Monday , August 2 2021

This plane has no moving parts and does not need an engine to fly



Engineers of the Massachusetts Institute of Technology (MIT) have said that they have successfully completed "Solid State" aircraft which have no moving parts and it relies on fossil fuels for aviation.

Aviation is a landmark in "Ionic Winds" technology and can pave the way for a quiet and environmentally clean airplane in the future, when engineers published their findings on Wednesday in the Nature Journal.

According to the research center's news office, Associate Professor of Astronautics and Astronautics at MIT, Steven Barrett said, "This is the first permanent flight of the aircraft with no moving parts in the propulsion system." "This has potentially opened new and unforeseen possibilities for planets, which are quiet, mechanical, easy and emit emissions emissions."

Approximately 115 years ago, the Wrights made history by introducing a manufactured flight – this is a sublime, which led to the new era of human dominance of heaven.

From that first flight to date, most planes have believed in giving them power through air on dynamic parts like propellers or turbines.

Not for MIT team plane, which developed around the concept of "ionic wind" or electrodynamic thrust.

In order to make the flight, Fossel's onboard battery pack provides 20,000 volt power in the wires array connected to the width of the plane below the wing. In the electric field, the flow of Nairone ions in the rear of the aircraft was made, which was powerful enough to generate enough power to fly continuously.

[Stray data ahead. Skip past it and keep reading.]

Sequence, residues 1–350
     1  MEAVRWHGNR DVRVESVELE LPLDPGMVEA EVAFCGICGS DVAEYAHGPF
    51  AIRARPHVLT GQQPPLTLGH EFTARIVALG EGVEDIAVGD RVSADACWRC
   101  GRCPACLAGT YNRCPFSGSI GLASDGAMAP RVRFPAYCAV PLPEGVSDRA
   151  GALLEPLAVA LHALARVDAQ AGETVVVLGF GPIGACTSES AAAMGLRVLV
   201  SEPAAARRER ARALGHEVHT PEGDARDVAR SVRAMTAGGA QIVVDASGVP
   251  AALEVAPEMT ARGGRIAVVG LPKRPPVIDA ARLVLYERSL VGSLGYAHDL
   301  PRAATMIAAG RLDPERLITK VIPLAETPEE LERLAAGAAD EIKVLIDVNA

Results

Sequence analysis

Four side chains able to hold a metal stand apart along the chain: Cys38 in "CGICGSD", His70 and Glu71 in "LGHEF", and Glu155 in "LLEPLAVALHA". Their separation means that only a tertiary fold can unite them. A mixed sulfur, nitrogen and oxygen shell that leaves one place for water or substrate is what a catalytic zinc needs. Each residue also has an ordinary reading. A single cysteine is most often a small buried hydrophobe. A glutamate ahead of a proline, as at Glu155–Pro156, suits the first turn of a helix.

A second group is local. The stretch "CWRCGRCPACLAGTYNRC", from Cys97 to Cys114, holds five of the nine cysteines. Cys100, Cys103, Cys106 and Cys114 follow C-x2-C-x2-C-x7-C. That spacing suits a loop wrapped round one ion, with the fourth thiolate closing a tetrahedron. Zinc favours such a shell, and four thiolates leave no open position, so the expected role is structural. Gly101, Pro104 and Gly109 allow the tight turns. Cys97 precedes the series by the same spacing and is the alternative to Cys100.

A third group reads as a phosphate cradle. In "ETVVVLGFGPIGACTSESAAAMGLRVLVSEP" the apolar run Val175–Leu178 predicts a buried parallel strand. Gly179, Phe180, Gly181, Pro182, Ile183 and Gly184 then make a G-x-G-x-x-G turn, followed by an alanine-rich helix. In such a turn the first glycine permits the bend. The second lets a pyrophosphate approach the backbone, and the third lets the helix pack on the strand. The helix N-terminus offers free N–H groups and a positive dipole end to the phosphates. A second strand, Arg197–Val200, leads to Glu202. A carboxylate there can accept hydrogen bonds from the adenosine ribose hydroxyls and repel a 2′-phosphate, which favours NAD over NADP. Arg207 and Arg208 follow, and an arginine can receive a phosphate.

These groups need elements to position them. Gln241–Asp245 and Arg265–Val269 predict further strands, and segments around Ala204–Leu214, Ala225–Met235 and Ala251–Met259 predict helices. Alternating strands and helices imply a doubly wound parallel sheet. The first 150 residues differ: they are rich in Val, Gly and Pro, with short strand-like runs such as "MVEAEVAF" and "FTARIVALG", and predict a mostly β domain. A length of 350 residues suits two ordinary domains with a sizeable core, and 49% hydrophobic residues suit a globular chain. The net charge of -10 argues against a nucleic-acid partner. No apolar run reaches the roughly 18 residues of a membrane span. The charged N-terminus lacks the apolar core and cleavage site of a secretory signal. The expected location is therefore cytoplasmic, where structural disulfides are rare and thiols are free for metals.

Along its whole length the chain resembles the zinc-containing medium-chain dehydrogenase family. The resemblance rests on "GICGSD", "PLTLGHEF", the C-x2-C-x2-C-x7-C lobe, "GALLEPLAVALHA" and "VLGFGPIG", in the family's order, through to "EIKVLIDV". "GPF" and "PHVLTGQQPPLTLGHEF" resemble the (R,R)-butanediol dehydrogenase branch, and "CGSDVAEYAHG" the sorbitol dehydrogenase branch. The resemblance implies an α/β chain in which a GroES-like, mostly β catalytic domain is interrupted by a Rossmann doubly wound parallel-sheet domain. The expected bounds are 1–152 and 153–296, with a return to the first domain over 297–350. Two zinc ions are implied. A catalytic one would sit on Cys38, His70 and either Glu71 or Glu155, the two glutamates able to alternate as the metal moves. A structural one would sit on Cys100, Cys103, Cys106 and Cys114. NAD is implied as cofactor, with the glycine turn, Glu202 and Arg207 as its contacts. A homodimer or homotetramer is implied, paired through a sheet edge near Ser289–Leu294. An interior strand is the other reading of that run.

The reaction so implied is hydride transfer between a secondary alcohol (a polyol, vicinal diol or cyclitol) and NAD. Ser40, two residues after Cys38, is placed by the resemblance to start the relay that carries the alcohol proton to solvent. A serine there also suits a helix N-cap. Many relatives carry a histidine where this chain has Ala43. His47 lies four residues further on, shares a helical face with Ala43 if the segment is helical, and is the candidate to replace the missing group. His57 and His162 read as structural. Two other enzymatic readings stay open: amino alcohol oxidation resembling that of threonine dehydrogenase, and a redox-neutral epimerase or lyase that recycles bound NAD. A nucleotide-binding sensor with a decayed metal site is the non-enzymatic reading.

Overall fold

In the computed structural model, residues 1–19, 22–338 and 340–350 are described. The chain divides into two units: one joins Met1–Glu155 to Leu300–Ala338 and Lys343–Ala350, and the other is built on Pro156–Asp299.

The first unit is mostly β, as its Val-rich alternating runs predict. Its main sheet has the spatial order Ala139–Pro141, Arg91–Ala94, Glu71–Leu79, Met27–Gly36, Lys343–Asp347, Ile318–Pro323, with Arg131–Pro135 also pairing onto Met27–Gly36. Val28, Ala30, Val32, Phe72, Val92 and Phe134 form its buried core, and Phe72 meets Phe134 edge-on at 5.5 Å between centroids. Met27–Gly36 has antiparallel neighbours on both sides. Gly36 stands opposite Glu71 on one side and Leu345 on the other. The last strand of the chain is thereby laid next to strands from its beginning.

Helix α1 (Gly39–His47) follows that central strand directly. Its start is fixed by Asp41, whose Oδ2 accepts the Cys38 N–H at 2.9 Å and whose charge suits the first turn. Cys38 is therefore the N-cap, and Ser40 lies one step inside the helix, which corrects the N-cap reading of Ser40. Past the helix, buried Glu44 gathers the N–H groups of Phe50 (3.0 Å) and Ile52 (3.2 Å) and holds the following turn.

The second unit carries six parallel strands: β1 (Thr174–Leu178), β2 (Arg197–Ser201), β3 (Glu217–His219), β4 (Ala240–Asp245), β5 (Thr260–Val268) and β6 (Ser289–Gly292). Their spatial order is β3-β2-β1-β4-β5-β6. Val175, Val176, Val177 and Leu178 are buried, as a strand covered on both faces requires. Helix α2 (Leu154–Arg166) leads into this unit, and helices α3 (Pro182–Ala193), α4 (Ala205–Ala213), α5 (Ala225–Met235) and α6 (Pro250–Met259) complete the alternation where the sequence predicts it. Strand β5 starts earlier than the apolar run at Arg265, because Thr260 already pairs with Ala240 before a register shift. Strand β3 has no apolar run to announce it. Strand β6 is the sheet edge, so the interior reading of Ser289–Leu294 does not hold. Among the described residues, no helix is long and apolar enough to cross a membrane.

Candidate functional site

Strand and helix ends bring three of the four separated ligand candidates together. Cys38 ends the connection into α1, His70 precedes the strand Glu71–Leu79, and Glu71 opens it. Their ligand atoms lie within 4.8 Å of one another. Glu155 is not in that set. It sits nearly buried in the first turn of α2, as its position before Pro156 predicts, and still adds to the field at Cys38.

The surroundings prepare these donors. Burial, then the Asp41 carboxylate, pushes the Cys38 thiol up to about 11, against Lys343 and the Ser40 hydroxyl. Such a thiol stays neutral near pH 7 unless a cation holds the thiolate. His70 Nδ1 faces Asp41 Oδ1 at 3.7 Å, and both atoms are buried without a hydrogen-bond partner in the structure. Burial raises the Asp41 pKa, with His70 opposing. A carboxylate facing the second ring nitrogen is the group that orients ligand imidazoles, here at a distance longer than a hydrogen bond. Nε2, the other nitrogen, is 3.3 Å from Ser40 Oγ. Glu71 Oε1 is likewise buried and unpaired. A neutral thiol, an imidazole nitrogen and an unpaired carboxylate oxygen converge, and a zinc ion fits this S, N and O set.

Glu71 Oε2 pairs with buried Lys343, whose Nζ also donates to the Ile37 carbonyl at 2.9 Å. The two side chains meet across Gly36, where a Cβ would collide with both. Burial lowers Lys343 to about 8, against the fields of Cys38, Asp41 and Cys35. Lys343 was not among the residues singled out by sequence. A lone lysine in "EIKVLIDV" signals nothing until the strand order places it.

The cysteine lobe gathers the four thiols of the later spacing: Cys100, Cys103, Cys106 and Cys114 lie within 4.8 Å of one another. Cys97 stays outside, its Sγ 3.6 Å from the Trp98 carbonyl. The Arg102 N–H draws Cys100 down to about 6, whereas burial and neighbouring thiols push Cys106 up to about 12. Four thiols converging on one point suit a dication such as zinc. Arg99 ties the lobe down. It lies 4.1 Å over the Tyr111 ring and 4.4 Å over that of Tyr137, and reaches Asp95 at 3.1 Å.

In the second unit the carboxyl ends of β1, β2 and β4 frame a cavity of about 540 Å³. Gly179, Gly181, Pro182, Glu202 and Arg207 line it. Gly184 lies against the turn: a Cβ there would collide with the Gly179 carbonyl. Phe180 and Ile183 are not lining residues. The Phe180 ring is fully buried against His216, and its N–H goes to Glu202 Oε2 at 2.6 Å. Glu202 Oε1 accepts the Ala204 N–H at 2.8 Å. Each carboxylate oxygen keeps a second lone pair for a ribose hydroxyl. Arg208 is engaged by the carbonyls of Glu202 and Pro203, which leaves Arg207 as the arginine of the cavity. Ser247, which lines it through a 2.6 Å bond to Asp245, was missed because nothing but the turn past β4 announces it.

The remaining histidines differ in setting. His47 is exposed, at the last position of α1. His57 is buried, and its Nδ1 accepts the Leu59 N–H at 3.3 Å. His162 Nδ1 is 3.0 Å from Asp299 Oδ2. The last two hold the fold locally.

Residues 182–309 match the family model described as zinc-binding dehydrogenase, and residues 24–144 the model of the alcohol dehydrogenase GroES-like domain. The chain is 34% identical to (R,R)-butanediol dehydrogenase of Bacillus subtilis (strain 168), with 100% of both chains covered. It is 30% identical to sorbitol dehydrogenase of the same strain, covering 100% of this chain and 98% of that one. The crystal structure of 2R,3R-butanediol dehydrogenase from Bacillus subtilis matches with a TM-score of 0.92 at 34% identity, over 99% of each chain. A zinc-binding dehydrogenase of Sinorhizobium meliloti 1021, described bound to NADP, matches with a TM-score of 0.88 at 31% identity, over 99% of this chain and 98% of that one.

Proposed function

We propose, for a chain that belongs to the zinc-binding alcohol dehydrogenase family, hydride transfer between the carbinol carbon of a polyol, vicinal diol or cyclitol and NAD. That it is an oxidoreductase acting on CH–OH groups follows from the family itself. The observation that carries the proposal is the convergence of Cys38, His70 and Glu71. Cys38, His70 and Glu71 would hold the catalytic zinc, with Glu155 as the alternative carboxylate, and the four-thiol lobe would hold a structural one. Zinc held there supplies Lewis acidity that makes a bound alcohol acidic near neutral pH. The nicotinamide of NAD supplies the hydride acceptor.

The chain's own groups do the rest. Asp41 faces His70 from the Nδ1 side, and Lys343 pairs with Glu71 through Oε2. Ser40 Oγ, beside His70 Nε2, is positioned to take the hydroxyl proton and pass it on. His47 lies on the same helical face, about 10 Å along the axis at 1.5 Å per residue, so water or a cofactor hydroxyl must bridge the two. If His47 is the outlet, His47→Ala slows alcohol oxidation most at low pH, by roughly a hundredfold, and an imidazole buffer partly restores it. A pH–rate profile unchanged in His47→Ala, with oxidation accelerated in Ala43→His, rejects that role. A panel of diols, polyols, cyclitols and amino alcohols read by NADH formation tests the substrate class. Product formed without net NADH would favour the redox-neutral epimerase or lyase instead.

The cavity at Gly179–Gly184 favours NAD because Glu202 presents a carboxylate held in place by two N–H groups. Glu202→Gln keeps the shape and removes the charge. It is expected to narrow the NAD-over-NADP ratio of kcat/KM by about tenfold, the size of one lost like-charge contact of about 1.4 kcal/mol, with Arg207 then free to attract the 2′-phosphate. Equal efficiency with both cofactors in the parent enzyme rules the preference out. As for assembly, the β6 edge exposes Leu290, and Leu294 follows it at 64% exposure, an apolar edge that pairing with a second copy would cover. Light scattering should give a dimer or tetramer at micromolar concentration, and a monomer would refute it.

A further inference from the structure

Project's leading author Barrett said the idea of ​​ion plane came from the TV series "Star Trek". As a child, Barrett was inspired by the shuttle, which was quietly swallowed without any dynamic part.

With that attraction, Barrett led the idea of ​​the Ionic Wind, which was in the late 1920's.

The team made a five-foot weight lightweight airplane with five meters Wingson. Design testing within the gym, the team successfully flown the aircraft from a distance of 60 meters, a feat that was repeated 10 times.

The MIT team is hoping to develop its ion plane so that it can fly with less voltage for a long time. In nearby words, there may be apps for designing small planes, such as drones, low noise.

Barrett told the MIT news, "This is the easiest possible plane that we can design that can prove the concept of an airplane that can fly ions." "He is still away from a plane that can do useful missions. He needs to be more efficient, fly for a long time and fly out."

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